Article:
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Ark. Doctor Convicted In Bomb Attack Against Head of Medical Board

Dr. Randeep Mann (AP Photo/Pulaski County Sheriff's Office, File)

Ark. Doctor Convicted In 2009 Bombing Attack
Dr. Randeep Mann (AP Photo/Pulaski County Sheriff's Office, File)
LITTLE ROCK, Ark. (CBS/AP) An Arkansas doctor accused of seeking revenge on a state medical board that frequently disciplined him was convicted Monday of masterminding a homemade bombing attack against the head of the state medical board - despite the lack of forensic evidence.

Dr. Randeep Mann, 52, could be sentenced to life in prison for his role in the bombing attack that almost killed Dr. Trent Pierce outside of Pierce's West Memphis home Feb. 4, 2009.

According to prosecutors, Mann was resentful toward the medical board that continuously sanctioned him for over-prescribing pain medication to patients. The medical board, which Pierce led, revoked Mann's authority to prescribe narcotics after complaints surfaced that 10 of his patients overdosed and died.

Prosecutors told jurors that they don't believe Mann planted the bomb in Pierce's driveway himself, but do think he ordered someone else to do it. No one has been charged with planting the bomb.

During the course of the trial prosecutors admitted that in-depth testing of the materials collected from the crime scene--a spare tire, a hand grenade, duct tape and a piece of string used to pull the pin--did not match  materials found in and around Mann's home in Pope County, approximately 200 miles away from where the incident occurred.

"In this case it was difficult, however we had a lot more evidence than just forensic evidence," said assistant U.S. attorney Karen Whatley.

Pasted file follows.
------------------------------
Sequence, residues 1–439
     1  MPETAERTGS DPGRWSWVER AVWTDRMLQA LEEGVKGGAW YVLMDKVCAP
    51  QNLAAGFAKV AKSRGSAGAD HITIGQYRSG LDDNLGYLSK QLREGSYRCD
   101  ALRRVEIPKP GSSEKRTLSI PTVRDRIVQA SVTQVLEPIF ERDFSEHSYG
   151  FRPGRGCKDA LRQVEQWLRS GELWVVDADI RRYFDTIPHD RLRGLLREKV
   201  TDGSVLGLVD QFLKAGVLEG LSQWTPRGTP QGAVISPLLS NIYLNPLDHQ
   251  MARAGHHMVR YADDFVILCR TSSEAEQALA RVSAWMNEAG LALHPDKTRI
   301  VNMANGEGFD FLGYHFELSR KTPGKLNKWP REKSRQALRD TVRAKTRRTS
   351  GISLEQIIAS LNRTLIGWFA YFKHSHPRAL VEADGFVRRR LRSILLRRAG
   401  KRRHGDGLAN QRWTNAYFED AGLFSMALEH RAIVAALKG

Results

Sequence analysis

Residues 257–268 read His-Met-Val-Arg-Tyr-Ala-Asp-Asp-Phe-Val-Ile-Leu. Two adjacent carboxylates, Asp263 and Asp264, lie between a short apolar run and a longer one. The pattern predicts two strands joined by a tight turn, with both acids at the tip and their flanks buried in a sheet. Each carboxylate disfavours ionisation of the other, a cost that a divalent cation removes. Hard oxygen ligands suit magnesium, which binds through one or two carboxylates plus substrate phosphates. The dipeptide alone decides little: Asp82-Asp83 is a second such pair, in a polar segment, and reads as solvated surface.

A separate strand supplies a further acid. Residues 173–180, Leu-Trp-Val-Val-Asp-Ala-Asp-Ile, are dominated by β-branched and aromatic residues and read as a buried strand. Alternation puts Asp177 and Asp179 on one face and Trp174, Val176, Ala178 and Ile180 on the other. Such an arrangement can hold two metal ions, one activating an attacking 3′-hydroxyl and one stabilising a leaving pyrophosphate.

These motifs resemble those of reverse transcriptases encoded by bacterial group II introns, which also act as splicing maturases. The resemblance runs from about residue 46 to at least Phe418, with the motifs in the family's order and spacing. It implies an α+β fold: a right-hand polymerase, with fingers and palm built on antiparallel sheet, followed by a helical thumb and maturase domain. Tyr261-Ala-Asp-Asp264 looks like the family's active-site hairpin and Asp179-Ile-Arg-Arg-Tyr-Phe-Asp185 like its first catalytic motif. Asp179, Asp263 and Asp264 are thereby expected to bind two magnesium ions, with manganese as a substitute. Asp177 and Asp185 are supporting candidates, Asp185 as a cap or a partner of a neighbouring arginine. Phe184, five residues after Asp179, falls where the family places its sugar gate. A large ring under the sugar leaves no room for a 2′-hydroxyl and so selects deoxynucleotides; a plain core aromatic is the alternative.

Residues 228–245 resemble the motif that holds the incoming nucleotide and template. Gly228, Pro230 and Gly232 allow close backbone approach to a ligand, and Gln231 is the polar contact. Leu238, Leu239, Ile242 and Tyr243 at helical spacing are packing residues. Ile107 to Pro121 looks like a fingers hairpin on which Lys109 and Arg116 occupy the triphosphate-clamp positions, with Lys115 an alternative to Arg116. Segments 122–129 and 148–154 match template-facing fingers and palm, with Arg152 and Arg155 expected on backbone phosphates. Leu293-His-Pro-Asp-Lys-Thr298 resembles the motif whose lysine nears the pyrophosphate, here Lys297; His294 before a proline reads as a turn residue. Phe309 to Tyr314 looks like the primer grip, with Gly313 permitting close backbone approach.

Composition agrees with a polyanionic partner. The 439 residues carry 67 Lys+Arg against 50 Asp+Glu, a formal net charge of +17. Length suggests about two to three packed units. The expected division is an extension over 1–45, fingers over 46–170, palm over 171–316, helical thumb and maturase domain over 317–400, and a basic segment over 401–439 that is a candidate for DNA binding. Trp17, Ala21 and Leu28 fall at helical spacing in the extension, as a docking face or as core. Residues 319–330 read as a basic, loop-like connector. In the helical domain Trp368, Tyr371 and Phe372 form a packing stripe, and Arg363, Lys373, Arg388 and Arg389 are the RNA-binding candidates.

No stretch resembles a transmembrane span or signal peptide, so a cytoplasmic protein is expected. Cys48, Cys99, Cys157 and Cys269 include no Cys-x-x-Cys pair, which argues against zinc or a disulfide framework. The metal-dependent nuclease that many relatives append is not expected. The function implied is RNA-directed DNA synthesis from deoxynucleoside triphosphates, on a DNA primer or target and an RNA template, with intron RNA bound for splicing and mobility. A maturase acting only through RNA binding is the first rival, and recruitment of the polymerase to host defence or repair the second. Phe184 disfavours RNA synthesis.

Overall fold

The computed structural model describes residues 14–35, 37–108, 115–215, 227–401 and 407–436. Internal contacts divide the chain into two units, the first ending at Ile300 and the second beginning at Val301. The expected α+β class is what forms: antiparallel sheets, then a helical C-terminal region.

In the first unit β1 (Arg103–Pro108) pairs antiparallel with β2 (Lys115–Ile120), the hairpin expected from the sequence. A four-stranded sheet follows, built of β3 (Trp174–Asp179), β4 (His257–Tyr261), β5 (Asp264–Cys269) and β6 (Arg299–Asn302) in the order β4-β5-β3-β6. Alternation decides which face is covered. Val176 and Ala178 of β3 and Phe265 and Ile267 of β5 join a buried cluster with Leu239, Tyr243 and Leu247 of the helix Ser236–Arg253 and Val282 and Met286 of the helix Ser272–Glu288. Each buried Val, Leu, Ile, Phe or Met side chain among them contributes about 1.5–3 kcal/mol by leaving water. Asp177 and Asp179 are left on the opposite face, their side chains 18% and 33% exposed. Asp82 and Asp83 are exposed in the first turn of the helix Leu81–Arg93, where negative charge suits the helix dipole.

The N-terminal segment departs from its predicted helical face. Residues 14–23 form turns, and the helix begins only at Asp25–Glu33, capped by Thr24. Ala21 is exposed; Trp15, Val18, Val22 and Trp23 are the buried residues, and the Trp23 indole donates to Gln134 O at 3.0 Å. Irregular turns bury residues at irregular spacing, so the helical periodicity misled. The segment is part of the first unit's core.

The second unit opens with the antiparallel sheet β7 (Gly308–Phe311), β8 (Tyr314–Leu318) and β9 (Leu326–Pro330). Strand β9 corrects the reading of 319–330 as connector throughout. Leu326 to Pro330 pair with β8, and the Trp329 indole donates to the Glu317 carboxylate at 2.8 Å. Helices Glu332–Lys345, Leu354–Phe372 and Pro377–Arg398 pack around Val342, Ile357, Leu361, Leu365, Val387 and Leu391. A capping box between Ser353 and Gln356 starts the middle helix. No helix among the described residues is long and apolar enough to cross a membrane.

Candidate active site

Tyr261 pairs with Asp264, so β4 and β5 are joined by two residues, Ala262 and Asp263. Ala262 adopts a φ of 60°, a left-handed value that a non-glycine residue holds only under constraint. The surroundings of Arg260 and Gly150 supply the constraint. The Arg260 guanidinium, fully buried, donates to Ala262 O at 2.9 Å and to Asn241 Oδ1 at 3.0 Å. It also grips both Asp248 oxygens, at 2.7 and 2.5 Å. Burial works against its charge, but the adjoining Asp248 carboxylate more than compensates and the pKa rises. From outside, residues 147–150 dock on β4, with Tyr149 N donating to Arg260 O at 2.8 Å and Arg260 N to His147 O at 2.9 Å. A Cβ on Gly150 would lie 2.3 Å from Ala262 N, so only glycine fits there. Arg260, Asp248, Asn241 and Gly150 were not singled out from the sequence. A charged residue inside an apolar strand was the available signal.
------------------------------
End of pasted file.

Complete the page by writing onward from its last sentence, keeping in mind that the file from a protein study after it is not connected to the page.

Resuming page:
One of the strongest pieces of evidence prosecutors presented to jurors was an e-mail from Mann to his brother in India. The subject line read "Pierce" and a photograph of the doctor was enclosed with the text, "I hope this picture is good."

A friend of Mann's also testified that the doctor told him time after time that members of the Arkansas State Medical Board need to "suffer like he suffered."

The jury deliberated for more than two days before delivering its verdict. Before it was read, Mann smiled at his children and other family members who were seated in the courtroom gallery. Pierce, whose face is freckled with bits of black tire embedded in his skin from the bombing, was not present in the courtroom Monday because he was tending to patients in his West Memphis medical clinic.

Mann was convicted of using a weapon of mass destruction, destroying a vehicle with an explosive, obstruction of justice and illegally possessing 98 grenades and a machine gun. He was acquitted of illegally possessing a shotgun.


  • Naimah Jabali-Nash

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